RENO - It seems kind of unusual. A local man caught for speeding, is sent to jail.
Police claim he committed a crime, but he says it was all a misunderstanding.
38-year-old father and business owner, Anthony Buck is not your typical criminal.
"I don't speed very often. My brother always calls me the old lady, you know, 'cause I don't go very fast," said Buck.
But on Monday, Buck was driving 40 miles per hour down Dixon Lane in South Reno. It's a 25 miles per hour zone and he admit that he was speeding.
But when he got pulled over, he says he gave the officers his license and registration, but couldn't find his insurance card.
"My kids, one of their little chores to clean out my car and they put stuff everywhere. I know I had it and I said 'can I have a minute to look for my insurance?"
Buck says the officer then wrote him a ticket for not having insurance, which he refused to sign, because he thought that meant he was admitting guilt. He says that's when the officer arrested him.
"He spread my legs, handcuffed me, put me on the curb," said Buck.
Sent to jail, over a speeding ticket. Police say it's extremely rare, but unfortunately, Buck technically, did break the law.
"In the state of Nevada, traffic charges are misdemeanor offenses, so whereas in California, you might have an infraction that isn't arrest worthy, in the state of Nevada, they are misdemeanors or crimes," said Lieutenant Dave Evans with the Reno Police Department Traffic Division.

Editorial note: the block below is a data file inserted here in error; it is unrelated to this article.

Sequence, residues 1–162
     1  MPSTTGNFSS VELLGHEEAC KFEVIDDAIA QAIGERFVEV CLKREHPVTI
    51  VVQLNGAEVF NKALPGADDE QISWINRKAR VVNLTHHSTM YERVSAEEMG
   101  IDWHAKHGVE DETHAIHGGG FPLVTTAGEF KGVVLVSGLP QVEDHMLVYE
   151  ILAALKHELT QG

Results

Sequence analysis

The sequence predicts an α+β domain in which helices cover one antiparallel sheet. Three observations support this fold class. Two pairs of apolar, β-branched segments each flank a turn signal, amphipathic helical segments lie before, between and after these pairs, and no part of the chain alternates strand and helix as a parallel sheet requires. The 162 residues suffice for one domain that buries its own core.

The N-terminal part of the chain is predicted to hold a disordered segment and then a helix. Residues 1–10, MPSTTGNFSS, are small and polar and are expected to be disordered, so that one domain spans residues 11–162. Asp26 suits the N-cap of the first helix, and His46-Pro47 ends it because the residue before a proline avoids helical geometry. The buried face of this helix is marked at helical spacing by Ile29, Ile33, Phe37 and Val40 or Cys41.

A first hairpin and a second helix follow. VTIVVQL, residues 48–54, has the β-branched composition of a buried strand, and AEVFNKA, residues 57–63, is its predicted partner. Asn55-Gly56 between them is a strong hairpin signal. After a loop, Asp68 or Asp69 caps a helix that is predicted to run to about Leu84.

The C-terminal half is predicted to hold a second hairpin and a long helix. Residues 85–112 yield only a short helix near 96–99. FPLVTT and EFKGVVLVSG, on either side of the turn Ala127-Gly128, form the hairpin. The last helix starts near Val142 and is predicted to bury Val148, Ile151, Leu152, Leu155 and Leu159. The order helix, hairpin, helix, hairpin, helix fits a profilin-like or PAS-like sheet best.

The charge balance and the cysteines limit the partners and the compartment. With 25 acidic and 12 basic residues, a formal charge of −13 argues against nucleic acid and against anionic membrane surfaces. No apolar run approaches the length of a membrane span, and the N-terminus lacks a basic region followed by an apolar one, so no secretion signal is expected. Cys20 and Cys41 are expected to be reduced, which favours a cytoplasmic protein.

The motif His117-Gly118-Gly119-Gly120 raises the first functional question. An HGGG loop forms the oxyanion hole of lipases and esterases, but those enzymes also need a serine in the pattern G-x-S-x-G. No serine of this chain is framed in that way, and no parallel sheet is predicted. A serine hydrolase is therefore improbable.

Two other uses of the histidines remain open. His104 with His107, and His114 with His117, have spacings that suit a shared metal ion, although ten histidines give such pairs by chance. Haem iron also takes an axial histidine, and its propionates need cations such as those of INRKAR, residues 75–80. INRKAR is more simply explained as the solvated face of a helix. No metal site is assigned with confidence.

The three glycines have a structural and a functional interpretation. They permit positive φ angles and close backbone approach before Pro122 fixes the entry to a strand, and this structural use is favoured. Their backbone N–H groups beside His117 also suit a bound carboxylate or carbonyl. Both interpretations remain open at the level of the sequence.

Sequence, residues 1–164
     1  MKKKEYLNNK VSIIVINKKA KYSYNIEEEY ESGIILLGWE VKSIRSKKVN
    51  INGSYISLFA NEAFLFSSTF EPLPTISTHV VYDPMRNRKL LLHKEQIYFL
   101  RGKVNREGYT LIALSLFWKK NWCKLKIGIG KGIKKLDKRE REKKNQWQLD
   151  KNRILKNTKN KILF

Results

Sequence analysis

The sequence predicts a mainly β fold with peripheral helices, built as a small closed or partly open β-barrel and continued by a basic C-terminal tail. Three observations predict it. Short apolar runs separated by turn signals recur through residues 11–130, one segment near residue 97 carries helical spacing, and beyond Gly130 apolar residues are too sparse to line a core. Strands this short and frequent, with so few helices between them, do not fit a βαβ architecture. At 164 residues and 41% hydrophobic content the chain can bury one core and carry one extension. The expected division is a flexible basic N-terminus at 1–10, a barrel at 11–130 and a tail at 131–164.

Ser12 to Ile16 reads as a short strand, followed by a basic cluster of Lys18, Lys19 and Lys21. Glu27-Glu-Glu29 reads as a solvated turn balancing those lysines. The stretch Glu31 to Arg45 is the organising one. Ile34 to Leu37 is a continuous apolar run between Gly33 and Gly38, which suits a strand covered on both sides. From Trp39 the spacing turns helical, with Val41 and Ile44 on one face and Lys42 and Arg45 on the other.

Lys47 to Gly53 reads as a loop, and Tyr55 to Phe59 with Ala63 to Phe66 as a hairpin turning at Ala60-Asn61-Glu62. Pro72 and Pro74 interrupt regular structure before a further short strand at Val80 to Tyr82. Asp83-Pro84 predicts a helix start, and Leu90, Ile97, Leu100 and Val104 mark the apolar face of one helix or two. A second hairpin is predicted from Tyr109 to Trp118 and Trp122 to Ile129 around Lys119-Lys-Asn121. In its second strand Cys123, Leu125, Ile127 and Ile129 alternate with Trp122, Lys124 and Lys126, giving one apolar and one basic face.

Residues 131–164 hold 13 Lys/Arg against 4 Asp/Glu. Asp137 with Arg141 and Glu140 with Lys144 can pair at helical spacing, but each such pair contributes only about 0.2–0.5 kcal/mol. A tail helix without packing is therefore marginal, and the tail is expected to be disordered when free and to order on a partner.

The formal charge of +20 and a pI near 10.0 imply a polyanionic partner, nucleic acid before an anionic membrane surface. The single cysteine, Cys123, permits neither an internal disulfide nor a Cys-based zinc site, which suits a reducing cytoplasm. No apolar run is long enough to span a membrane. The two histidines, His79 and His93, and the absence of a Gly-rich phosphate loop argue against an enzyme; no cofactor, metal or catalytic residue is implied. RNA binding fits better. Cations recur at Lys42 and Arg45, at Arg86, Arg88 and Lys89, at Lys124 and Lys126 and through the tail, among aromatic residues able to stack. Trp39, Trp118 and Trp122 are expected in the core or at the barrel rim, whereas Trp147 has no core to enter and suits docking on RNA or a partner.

Police say under Reno city code, you must have proof of insurance with you in the car at all times...and if you get pulled over, by law, you must sign the ticket.
"The ticket itself is just merely a summons. It's not an admission of guilt. It's just saying you promise to appear in court," explained Evans.
Buck says when he got out of jail after nearly four hours, he found the card in his side door. He says he now has a new place to keep his insurance card, one that he won't forget.
For Buck, the lesson was valuable, but also humiliating.
"It was embarrassing. When your neighbors see you getting arrested. They might think 'oh was he drinking or something? Why is he getting arrested just for getting pulled over?'"
Buck has filed a complaint with the Reno Police Department, saying he wasn't given enough time to look for his card before he was arrested.
But his case may be tough to prove.
Police say they only video tape "sometimes" when they pull people over, usually only if the person seems like they might cause trouble.
In Anthony Buck's case, it's his word against the officer's.